Whole Foods Under Shareholders’ Spotlight

In the wake of a New York Times story by Mark Oppenheimer about Whole Foods Market CEO John Mackey’s relationship with former rabbi and alleged sex offender Marc Gafni, the company has come under scrutiny.

On December 25th, The Times reported Gafni saying of one of his alleged victims, “She was 14 going on 35.”

Also reported in Oppenheimer’s story, “A co-founder of Whole Foods, John Mackey…is a chairman of the executive board of Mr. Gafni’s center, and he hosts board meetings at his Texas ranch.”


James McRitchie, a California investor and shareholder activist emailed members of the Whole Foods Board of Directors on New Year’s Day:

“Mr. Mackey has a fiduciary duty to WFM shareholders. His affiliation with Gafni and the center certainly put the reputation and value of WFM at risk.”

A group of more than 100 rabbis has launched an online petition, demanding that Whole Foods sever ties with Gafni.  At the time of this writing, the petition has garnered more than 2800 online signatures.  It includes comments from people claiming to have had unfavorable contact with the former rabbi:


The flow of follow-up stories has been steady.

Oppenheimer filed these follow-ups in Tablet:

“Understanding the Marc Gafni Story, Part II”


“More voices weigh in on Marc Gafni Controversy”


New York community newspaper The Jewish Week, which had originally broken the Gafni allegations story in 2004, reported, “Some critics contend that Mackey, in his capacity as an executive board member of Gafni’s nonprofit center, is violating his fiduciary responsibility to the ethical values of Whole Foods.”


Michael Silverman, Whole Foods Market Global Corporate Communications representative emailed this statement:

“John Mackey’s involvement with Marc Gafni and the Center for Integral Wisdom is his personal business and does not represent an endorsement or support for either Mr. Gafni or the Center for Integral Wisdom by Whole Foods Market.”

A similar statement appears on John Mackey’s Whole Foods blog:

“My involvement with Marc Gafni and the Center for Integral Wisdom is conducted strictly in my personal life…”


However, the accuracy of Mackey’s and Whole Foods’ statements, characterizing the CEO’s relationship with Gafni as “personal” is in question.

As a director on the board of Gafni’s Center for Integral Wisdom, a tax-exempt California nonprofit corporation, subject to state and IRS laws and regulations, Mr. Mackey has fiduciary duties to the organization.

According to Gene Takagi, an attorney with the NEO Law Group in San Francisco, “All directors of a nonprofit corporation have fiduciary duties of care and loyalty to the corporation.”

The IRS prohibits tax-exempt organizations from engaging in commercial, for-profit business activities.  A website for the CIW’s Success 3.0 Summit says, “Success 3.0 is an independent LLC generated by the Center for Integral Wisdom,“ and “John Mackey, (Board Chair CIW).”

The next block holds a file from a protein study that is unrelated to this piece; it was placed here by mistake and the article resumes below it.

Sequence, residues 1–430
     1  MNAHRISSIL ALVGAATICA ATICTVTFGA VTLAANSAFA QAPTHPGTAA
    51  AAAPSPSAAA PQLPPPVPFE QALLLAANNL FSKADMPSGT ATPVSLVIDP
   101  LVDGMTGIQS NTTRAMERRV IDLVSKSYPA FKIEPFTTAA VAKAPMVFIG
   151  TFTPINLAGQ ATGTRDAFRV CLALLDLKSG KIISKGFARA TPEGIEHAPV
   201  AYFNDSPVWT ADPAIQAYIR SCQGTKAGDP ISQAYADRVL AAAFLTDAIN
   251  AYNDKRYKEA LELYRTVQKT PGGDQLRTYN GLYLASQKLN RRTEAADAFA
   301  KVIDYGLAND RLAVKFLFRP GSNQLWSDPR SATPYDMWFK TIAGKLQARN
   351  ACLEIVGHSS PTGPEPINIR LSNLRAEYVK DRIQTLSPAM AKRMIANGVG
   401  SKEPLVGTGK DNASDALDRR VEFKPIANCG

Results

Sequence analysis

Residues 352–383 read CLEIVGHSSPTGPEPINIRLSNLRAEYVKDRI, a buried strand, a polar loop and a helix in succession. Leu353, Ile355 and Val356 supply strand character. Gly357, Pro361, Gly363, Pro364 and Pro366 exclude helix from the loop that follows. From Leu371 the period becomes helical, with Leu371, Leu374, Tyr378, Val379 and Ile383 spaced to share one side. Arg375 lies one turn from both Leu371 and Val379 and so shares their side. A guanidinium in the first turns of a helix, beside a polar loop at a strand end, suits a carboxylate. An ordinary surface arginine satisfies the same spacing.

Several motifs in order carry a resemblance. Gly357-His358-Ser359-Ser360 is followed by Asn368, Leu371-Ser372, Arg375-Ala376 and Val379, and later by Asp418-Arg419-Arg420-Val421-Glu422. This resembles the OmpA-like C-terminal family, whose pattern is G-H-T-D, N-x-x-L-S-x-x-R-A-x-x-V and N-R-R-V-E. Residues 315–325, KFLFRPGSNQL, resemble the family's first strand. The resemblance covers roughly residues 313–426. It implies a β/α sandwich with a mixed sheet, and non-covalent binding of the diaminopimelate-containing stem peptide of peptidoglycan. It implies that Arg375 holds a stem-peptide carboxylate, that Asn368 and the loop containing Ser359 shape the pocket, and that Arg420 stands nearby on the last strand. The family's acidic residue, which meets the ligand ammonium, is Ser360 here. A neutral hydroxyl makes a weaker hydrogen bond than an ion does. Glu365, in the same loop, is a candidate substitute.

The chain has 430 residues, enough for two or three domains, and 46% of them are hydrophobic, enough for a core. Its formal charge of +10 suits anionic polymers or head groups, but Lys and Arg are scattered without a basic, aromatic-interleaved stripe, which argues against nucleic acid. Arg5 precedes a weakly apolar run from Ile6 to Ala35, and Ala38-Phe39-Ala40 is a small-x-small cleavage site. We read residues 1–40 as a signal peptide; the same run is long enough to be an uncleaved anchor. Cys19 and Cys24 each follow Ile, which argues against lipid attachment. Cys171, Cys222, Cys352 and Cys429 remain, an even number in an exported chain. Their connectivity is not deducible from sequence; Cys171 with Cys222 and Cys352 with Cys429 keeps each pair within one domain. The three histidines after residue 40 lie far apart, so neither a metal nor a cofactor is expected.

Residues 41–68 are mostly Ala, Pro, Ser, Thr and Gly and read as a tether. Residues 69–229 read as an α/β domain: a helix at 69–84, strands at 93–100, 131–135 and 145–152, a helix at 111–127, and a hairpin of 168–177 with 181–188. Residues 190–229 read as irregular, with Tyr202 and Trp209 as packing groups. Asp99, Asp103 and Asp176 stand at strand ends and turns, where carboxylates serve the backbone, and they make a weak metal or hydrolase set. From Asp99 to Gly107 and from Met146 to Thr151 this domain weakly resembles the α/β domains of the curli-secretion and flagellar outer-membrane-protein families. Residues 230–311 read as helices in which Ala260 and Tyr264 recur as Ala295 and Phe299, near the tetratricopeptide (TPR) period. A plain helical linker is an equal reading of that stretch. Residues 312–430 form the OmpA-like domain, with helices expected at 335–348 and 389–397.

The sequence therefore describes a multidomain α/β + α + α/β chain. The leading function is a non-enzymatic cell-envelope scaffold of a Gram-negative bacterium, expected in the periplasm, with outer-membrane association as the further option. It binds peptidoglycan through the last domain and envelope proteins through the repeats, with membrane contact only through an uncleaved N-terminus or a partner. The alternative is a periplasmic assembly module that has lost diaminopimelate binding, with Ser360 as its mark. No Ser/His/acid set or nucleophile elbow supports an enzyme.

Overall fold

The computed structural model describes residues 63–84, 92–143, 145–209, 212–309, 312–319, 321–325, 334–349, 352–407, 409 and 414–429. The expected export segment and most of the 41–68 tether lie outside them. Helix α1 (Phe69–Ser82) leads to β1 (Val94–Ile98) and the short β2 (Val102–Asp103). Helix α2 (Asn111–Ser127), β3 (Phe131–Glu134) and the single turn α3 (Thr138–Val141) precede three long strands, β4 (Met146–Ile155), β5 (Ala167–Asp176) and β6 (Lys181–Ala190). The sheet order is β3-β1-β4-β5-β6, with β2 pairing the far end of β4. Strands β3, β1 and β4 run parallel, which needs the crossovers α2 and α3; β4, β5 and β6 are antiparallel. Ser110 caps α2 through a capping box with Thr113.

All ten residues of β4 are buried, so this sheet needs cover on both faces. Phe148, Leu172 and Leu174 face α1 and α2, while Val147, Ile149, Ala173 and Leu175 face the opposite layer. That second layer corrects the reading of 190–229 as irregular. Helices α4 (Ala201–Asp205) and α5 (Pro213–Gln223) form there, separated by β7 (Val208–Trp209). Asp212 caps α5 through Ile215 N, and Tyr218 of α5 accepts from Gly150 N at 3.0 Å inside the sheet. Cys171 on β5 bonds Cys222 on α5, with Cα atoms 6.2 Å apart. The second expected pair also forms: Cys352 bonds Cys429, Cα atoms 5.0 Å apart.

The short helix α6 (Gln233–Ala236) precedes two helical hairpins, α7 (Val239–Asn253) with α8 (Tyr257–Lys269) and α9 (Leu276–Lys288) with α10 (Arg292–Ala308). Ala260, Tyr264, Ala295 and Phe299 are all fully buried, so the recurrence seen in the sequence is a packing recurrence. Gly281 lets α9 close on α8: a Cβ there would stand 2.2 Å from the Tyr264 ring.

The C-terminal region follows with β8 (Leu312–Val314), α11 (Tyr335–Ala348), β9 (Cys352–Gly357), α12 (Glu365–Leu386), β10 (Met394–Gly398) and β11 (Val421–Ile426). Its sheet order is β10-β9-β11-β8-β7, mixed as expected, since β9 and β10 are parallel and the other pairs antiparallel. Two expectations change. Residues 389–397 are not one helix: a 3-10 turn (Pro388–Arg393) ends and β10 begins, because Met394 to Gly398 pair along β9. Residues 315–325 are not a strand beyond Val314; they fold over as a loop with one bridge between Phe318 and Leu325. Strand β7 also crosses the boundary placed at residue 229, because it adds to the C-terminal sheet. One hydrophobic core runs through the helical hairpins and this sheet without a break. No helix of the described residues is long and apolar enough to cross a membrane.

The California Nonprofit Integrity Act of 2004 requires that nonprofits register with the Office of the Attorney General, Registry of Charitable Trusts.  Religious organizations are exempt from registering.

On May 19, 2014, the Office of the California Attorney General issued a letter of exemption to the Center for Integral Wisdom/Center for World Spirituality, confirming that the organization “operated primarily as a religious organization.”

However, on January 5, 2016, the Forward reported Gafni saying, “I’ve left the spiritual teaching world and am functioning as the president of an activist think tank.”


As of this writing, public records show that the Center for Integral Wisdom/Center for World Spirituality is still classified as a tax-exempt, California religious organization.

Complaints were submitted Wednesday to the IRS and California state Attorney General’s office, questioning federal tax and state nonprofit regulatory compliance by the Center for Integral Wisdom. John Mackey was named in both complaints, as Board Chair of the organization.

I spoke with public relations representatives from socially responsible fund managers Calvert, Domini, and Parnassus, all of which hold Whole Foods Market stock in their active equity portfolios. As of this writing, none of the firms have commented.

Shane Yonston, a Principal Advisor with Impact Investors emailed:

“Whole Foods positions itself as a socially responsible company, which is an important part of its brand. If these core values come into question by employees, consumers, partners, or investors, it can have long-term damaging effects on the company’s stock value. Reputational risk is real, and the way Mr. Mackey chooses to handle this conflict will certainly be watched by investors in the SRI community.”

Jo-Ellen Pozner, faculty, UC Berkeley, Haas School of Business, emailed:
“My take on this situation, in a nutshell, is that corporate leaders are showing a real lack of judgment in endorsing somebody with a tainted reputation of this particular sort. Not only does it show a disregard for important groups of stakeholders, it reveals a bit of hubris and tone-deafness. I think these sorts of associations are bad publicity, and reveal a blind spot which makes me question managerial judgment.”
Certainly, we are all watching.



Whole Foods Under Shareholders’ Spotlight

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